The Russian government has submitted to the parliament a draft law introducing criminal responsibility for financing extremism, as well as confiscating the property obtained in the course of perpetrating extremist actions.
An explanatory note for the bill was posted on the State Duma web-site on Friday. It reads that extremist activity is one of the most dangerous threats to the constitutional order and state security, and therefore the law must be amended so that fighting such crimes becomes more effective.
The note also reads that the number of extremist crimes in Russia is growing year by year, and the analysis of the law enforcers’ measures to counter such crimes has shown that the current legislation on the matter is flawed.
The new draft law recommends that a person providing financial means for extremist activities or aiding in their collection could be punished with a fine ranging from 300 000 to 500 000 rubles ($10000 – 18000), have part or all of their income garnished for anywhere from one to five years, be banned from holding certain official positions for up to three years, or even serve up to three years in prison.
In May 2011, President Dmitry Medvedev ordered that those who had been convicted of extremist crimes be banned from state service.
The punishment is even harsher if an individual commits a crime while acting within an official capacity within a state structure – the prison term in this case can be up to six years.
However, the draft stipulates that the person can be freed of criminal responsibility if he promptly reports about the extremist activities to the authorities.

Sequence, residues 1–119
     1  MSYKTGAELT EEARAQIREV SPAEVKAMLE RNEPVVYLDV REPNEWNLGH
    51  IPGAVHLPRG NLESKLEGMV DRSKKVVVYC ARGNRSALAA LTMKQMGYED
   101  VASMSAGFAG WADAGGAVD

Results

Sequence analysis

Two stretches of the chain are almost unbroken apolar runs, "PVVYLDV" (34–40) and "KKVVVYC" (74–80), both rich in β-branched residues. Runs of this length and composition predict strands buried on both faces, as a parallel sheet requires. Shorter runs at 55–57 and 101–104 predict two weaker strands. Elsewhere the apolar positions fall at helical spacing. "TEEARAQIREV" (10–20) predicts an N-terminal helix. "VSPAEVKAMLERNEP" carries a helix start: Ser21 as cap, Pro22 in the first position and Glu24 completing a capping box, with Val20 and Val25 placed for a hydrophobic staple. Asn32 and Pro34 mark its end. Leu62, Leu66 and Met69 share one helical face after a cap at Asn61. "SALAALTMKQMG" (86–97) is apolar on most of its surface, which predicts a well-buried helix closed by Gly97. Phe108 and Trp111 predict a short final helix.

The new bill also touches upon changing the current situation in the sphere of the mass media and communications – it reads that the state bodies are currently failing to react duly to the extremist materials that are being published on the internet, which gives the persons involved in such activities a sense of impunity.
Therefore, the new bill suggests amending the criminal code with several articles that would introduce criminal responsibility for extremist crimes which are carried out with the use of public telecommunication networks, including the internet.
Moreover, the bill introduces amendments to the Federal law on fighting extremism, which would change some organizational principles of the anti-extremist bodies.
The rise of extremist crimes in Russia worries the authorities, even though the number of such crimes is relatively small if compared to the general criminal statistics. The Interior Ministry’s Department on Countering Extremism grew out of the Department for Fighting Organized Crime in 2008, and now the department reports that its officers solved 430 extremist crimes in 2008, 484 in 2009, and 591 in the first ten months of 2010.
However, critics have said that the police classified petty offences like graffiti and entries on private blogs as being extremist, thus distorting the actual picture.